Job offersmore »

Tweeting Growers

Top 5 - yesterday

Top 5 - last week

Top 5 - last month

Exchange ratesmore »

CAN (ON): U of G hosting national food policy discussion

Helping develop a national policy that ensures safe and affordable food while protecting the environment is the goal of a Sept. 12 gathering at the University of Guelph.

U of G will host an Agriculture and Agri-Food Canada regional session for A Food Policy for Canada. The first-of-its-kind initiative, announced by the federal government this past spring, will set short- and long-term goals for Canada’s food system.

Similar public consultations are being held across the country. U of G’s session will include experts from across campus and Ontario, as well as government officials, including Guelph MP Lloyd Longfield and Kim Rudd, parliamentary secretary for the Minister of Natural Resources.

“The University of Guelph, as Canada’s food university, has much to contribute in helping develop a national food policy,” said Daniel Atlin, vice-president (external).

“We have a long history in agri-food and a reputation for innovation and excellence, in Canada and around the world, in food-related issues. We also have world-class researchers and facilities, and strong partnerships with government and industry.”

Tuesday’s session will focus on government-identified themes, ranging from increasing access to high-quality, affordable food, to improving health and food safety, to conserving soil, water and air.

This forum and other consultations are intended to help the federal government learn Canadians’ priorities for food-related issues. The discussions will help in shaping a national food policy.

“A national food policy requires thinking into everything from what is a healthy diet, to food poverty and food access amongst Canadian Aboriginal communities, especially those in the far North, through to production-related issues like water pollution and greenhouse gas emissions from agriculture,” said Prof. Evan Fraser, director of the Arrell Food Institute at the University of Guelph.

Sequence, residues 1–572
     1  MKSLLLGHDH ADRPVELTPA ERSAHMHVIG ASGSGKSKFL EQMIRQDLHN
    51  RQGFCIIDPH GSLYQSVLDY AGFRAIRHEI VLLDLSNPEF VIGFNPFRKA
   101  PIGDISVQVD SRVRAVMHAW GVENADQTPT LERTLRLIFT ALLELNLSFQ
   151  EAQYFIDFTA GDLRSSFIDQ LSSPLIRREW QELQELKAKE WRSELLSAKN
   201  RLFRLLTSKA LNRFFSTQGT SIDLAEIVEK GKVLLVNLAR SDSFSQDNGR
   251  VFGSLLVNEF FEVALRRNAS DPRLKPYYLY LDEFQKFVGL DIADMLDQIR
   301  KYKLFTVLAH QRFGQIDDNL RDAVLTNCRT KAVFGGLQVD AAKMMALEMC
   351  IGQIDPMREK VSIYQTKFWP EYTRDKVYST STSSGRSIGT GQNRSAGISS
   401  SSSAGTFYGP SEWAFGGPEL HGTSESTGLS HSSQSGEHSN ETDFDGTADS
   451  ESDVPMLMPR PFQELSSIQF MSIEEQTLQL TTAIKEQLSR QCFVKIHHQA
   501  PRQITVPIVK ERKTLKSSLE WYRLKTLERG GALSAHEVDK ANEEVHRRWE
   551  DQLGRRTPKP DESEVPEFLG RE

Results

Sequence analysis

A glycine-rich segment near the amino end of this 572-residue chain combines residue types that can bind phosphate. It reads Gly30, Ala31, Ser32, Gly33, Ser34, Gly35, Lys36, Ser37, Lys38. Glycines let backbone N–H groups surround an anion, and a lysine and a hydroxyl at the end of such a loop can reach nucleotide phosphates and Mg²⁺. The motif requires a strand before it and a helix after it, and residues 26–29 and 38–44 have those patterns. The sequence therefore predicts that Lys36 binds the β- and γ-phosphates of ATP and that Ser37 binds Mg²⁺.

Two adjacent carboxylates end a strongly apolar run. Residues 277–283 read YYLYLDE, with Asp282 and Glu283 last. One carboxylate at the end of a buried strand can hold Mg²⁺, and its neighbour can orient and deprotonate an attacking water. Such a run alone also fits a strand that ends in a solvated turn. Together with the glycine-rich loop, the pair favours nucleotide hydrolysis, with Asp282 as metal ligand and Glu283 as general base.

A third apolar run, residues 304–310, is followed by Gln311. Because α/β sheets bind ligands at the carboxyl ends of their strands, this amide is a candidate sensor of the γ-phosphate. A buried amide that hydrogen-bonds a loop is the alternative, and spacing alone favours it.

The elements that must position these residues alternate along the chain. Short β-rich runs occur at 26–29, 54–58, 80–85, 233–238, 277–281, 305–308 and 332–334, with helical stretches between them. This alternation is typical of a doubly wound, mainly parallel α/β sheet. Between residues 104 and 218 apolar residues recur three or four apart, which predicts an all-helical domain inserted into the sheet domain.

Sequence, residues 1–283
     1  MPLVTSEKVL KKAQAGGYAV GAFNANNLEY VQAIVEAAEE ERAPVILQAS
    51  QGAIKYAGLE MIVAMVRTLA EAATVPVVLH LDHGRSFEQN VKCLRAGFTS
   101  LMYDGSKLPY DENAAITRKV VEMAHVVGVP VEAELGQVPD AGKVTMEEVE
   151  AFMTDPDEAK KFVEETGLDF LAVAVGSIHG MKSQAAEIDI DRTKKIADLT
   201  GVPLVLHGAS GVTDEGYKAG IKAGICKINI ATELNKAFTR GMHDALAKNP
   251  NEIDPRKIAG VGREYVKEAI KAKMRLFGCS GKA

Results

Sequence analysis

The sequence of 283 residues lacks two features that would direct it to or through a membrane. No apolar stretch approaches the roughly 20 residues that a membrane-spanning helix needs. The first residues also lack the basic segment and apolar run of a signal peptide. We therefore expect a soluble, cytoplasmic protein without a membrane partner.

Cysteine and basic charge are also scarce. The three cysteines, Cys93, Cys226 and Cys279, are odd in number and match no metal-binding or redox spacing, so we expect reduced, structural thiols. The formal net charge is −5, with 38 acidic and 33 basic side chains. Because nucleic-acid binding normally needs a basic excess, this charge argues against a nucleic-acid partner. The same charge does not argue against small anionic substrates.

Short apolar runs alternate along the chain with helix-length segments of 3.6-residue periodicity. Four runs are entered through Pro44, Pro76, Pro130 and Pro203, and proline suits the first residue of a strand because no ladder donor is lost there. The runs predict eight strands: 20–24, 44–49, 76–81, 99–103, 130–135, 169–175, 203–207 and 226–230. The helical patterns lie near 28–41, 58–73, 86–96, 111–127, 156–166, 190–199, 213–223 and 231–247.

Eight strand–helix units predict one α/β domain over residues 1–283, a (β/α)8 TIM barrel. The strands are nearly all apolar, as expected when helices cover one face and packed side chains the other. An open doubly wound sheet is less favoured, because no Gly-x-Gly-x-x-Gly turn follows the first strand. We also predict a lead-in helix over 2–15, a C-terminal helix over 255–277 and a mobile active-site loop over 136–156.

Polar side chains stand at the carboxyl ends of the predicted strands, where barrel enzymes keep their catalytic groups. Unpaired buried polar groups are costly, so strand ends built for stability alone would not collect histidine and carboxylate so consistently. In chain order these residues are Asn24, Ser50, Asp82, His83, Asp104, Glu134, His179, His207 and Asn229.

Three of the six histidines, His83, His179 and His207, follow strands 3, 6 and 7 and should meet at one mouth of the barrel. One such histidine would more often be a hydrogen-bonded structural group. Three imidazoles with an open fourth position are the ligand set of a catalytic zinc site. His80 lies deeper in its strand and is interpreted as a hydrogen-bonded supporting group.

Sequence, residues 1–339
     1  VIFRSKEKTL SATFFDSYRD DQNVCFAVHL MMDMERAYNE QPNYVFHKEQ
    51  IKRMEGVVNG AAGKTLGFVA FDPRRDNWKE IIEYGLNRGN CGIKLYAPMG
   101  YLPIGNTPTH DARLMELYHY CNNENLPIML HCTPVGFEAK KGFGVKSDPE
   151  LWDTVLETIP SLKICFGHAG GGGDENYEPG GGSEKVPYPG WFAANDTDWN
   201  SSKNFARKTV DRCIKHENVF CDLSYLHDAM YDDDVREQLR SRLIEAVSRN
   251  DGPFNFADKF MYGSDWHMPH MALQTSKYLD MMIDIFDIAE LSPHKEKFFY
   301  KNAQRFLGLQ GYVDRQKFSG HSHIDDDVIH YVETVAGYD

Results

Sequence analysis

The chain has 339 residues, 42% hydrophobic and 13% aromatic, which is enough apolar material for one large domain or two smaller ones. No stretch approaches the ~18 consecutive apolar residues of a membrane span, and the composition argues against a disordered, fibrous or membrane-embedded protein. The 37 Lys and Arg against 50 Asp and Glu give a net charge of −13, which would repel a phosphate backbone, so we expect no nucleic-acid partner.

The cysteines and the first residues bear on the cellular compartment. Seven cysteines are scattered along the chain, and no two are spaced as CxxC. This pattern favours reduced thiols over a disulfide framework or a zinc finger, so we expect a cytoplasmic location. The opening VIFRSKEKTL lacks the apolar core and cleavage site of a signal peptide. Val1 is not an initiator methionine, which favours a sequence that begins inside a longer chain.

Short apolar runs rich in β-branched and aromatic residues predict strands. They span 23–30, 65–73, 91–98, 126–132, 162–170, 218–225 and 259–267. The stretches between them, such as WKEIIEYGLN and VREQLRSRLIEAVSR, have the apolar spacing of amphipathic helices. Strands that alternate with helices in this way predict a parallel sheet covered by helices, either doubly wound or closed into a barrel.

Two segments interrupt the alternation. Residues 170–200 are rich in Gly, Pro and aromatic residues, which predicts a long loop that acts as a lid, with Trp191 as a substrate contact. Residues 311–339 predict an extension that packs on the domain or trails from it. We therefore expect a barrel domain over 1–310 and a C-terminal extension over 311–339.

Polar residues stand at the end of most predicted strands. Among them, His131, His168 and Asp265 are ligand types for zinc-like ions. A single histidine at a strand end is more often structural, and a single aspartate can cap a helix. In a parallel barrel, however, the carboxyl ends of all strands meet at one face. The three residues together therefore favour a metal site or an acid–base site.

Agri-food issues also provide economic opportunities, including food exports, and involve digital technologies, including big data and artificial intelligence, Fraser said.

“A Food Policy for Canada will be an effort to create a single, coherent governmental strategy to address all these things together.”

Source: University of Guelph

Publication date: 9/12/2017



Other news in this sector:

11/21/2017 Vegetable prices in Nepal's capital city keep increasing
11/21/2017 US: Nebraskans received over $1 billion in farm subsidies in 2016
11/20/2017 South Australia agricultural exports have increased due to new airlines
11/20/2017 Pakistan sees potential to increase fruit and veg exports to the UK
11/20/2017 Peru-Australia FTA builds momentum towards broader agreements
11/20/2017 UK vegetable prices send WPI inflation to 6-month high
11/20/2017 Australia has identified fruit export opportunities as markets have grown
11/20/2017 President of Ethiopia reiterates focus on agricultural development
11/20/2017 Masr Fruit adds Morocco products to the program
11/20/2017 "Cooperatives: success stories to help farmers overcome challenges"
11/20/2017 Belarus agriculture output sees 2.9% increase
11/20/2017 U.S. farm exports hit 3rd highest level on record
11/20/2017 CAN (ON): Fall economic statement brings mixed bag for agriculture
11/20/2017 US: Report reveals consumers prefer shopping in store for groceries rather than online
11/20/2017 Australia: Vegetable industry cash income rates highest in a decade
11/20/2017 US (AZ): Agribusiness contributes more than $23 billion to economy
11/17/2017 Productivity drives growth in U.S. agricultural output
11/17/2017 Since 1909, winter in New Zealand has become 30 days shorter
11/17/2017 Spanish import and export traffic of fruit and vegetables rose by 2.3%
11/17/2017 North Korean farmers cannot compete with low priced Chinese imports